In the aftermath of the deadly blizzard, in which most – if not all – of the blame from the community’s perspective was placed squarely on City Hall, Mayor Brown requested an independent study from New York University’s Robert F. Wagner School of Public Service. After months of interviews and anticipation, a 170-page report was released in the sweltering heat and sunshine of Summer 2023. It chronicled the failures of the City of Buffalo and other governmental actors. It also made pointed recommendations for how the City could improve its emergency preparedness and responsiveness for next time. The list included such obvious items as adequate equipment, effective communication with the public, coordination of road closures, and equitable distribution of resources in neighborhoods throughout the city, not neglecting the poorest neighborhoods and those most in need. There were also personnel recommendations–a fleet manager and emergency manager, for starters.

If only things were that easy in Buffalo. Because the city has a strong-mayor form of government, the Mayor’s sign-off was needed for any of NYU’s recommendations to actually be implemented in a real way. That’s difficult for many reasons, chief of which is that there’s no money. Over the years, the Brown administration has balanced the budget with unrealistic revenue projections, borrowing from Buffalo Public Schools and spending down the City’s reserves.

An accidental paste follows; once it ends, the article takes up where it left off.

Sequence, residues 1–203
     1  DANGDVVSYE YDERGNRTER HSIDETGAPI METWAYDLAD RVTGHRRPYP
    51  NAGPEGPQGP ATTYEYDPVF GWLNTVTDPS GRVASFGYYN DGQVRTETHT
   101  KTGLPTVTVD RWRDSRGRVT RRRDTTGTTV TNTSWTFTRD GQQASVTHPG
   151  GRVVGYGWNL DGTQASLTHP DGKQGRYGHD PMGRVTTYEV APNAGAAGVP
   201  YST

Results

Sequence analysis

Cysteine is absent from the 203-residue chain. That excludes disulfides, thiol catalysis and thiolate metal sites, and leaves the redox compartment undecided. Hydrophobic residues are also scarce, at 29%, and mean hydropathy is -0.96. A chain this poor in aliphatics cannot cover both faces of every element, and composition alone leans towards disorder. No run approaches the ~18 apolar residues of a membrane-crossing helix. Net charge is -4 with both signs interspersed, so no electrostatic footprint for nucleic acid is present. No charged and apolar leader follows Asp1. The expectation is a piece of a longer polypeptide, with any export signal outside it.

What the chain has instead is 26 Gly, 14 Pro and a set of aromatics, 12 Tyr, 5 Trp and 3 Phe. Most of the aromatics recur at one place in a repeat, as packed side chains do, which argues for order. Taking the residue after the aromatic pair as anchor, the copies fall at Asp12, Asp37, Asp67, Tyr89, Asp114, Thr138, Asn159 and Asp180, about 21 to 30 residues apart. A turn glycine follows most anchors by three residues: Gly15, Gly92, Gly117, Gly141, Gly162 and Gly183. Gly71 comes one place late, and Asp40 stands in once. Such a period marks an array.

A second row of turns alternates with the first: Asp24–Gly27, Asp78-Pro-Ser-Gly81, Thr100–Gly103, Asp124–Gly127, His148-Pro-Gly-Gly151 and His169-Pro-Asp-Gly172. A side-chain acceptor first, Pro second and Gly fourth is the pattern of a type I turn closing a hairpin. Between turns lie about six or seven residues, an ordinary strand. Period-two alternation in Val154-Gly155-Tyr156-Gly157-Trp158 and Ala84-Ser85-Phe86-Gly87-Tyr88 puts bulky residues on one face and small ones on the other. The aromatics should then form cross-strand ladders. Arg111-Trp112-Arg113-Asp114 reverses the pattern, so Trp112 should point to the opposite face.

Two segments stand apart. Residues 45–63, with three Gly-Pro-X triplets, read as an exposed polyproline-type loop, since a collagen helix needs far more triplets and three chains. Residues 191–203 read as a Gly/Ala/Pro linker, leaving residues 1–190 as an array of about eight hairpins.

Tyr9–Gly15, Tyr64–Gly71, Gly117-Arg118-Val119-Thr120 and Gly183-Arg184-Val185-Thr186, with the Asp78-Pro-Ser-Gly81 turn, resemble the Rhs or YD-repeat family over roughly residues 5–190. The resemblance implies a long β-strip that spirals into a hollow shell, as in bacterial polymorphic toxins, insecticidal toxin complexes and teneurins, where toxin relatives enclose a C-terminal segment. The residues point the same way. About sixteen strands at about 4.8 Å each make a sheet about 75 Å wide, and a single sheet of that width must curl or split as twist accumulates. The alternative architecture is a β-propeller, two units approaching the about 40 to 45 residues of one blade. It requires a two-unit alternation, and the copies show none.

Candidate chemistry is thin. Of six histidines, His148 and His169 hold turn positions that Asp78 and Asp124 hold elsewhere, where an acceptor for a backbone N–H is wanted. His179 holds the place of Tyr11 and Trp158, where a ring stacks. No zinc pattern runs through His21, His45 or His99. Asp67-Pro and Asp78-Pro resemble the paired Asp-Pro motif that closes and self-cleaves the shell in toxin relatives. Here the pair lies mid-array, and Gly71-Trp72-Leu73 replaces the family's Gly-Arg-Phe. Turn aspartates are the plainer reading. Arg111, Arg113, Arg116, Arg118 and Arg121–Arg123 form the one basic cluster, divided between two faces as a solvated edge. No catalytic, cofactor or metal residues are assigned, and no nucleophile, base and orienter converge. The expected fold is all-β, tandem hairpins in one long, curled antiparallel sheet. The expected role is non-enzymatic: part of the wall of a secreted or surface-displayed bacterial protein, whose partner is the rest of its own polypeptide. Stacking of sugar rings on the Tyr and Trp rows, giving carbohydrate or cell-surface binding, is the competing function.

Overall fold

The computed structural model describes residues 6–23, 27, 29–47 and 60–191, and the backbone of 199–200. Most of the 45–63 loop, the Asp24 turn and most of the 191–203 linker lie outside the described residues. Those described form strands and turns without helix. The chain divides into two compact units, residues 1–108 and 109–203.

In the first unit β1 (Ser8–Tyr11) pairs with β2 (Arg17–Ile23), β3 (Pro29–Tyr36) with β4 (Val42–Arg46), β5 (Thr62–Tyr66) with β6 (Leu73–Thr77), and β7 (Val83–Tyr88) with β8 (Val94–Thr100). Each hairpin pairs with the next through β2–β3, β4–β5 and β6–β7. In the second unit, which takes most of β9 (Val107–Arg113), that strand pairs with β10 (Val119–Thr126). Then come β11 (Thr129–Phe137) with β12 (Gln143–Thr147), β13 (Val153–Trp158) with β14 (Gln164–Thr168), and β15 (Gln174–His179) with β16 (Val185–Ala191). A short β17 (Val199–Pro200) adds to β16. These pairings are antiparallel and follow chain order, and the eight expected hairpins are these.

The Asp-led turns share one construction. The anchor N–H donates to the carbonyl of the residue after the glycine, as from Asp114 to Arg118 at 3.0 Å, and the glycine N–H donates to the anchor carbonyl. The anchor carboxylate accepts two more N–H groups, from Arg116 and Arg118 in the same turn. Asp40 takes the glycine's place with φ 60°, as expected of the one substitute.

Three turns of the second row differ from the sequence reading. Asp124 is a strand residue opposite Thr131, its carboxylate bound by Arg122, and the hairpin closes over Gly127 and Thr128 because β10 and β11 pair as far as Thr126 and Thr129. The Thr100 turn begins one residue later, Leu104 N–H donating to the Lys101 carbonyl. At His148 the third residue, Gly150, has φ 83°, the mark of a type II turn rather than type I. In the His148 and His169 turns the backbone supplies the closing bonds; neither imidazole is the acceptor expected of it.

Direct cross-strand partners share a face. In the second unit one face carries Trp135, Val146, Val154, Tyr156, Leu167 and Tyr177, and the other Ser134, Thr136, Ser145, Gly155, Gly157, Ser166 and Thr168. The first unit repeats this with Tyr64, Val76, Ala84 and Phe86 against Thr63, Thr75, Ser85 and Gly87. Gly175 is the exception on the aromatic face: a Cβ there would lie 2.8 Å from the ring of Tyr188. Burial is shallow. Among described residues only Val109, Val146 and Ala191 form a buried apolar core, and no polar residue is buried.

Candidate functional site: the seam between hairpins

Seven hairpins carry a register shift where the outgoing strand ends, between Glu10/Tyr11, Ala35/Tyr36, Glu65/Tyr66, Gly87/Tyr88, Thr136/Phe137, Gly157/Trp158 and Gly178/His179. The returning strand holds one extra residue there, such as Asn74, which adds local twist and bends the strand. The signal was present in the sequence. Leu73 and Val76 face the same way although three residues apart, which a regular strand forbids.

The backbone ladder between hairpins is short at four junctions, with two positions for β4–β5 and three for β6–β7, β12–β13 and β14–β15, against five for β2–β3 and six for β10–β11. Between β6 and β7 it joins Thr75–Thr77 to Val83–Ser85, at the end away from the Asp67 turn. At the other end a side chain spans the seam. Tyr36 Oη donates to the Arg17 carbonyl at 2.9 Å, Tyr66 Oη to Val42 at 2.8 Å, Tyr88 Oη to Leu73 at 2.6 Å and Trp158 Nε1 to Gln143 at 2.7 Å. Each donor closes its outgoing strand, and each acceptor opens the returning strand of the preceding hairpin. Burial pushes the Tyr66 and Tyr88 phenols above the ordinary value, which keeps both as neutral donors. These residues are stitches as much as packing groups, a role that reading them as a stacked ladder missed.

Due in large part to an unprecedented amount of American Rescue Plan Act (ARPA) dollars from the federal government, $331 million to be exact, the City of Buffalo has been able to fill budget gaps inconspicuously. Not unprecedented nationally but highly relevant for what’s ahead, Buffalo has spent about 50% of its ARPA dollars in this way. Those funds run out at the end of the year, and that means that the bills will begin to stack up and the revenue generation – namely raising property taxes – that Brown so harshly criticized his former political opponent India Walton for will become hypercritical (but not enough) in balancing the City’s budget. Rumors have been swirling about a return of the Buffalo Fiscal Stability Authority – the City’s control board – formed in 2003 to keep the City from going bankrupt.

Although the Mayor preferred not to include an emergency manager in the final 2024 budget, it was successfully negotiated by the Common Council. The position would have never been filled except for the fact that the Mayor took a public shellacking at the end of October, notably when he would have still been in the running for a new job as the president of  Buffalo State University.

As the City’s snow plan was being finalized, University District Council Member Rasheed Wyatt mounted a one-man protest and refused to vote “yes” for any other hires for the City of Buffalo until the position was filled. Giving credence to his position, a former emergency management expert in New York City who reviewed the plan, speaking in an interview with local media, said it was “doomed to fail” without the City of Buffalo having its own emergency manager. An offer was made to a prospective candidate days later.